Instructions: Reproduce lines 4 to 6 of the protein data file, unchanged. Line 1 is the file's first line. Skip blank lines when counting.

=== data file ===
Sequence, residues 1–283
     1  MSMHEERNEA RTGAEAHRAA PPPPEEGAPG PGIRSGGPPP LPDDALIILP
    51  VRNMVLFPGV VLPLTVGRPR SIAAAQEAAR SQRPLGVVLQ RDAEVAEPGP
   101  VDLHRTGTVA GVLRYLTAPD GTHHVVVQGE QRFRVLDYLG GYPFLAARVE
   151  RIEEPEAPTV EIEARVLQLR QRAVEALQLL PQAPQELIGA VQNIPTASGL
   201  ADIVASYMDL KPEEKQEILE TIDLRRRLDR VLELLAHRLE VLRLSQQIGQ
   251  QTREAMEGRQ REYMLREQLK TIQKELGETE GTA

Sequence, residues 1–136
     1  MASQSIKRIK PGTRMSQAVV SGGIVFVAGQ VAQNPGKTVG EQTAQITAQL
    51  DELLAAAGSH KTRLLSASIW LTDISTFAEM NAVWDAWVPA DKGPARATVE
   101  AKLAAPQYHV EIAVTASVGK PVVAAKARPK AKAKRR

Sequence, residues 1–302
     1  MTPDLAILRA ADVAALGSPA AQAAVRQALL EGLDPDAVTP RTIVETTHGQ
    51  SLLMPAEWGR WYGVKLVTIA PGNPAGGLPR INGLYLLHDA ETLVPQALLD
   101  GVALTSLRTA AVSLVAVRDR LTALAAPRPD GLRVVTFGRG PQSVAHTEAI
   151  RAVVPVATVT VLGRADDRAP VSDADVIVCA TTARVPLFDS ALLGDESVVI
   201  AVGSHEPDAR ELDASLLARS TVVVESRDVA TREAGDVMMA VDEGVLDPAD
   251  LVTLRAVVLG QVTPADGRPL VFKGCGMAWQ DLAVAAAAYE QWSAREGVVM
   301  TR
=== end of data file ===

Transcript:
   101  VDLHRTGTVA GVLRYLTAPD GTHHVVVQGE QRFRVLDYLG GYPFLAARVE
   151  RIEEPEAPTV EIEARVLQLR QRAVEALQLL PQAPQELIGA VQNIPTASGL
   201  ADIVASYMDL KPEEKQEILE TIDLRRRLDR VLELLAHRLE VLRLSQQIGQ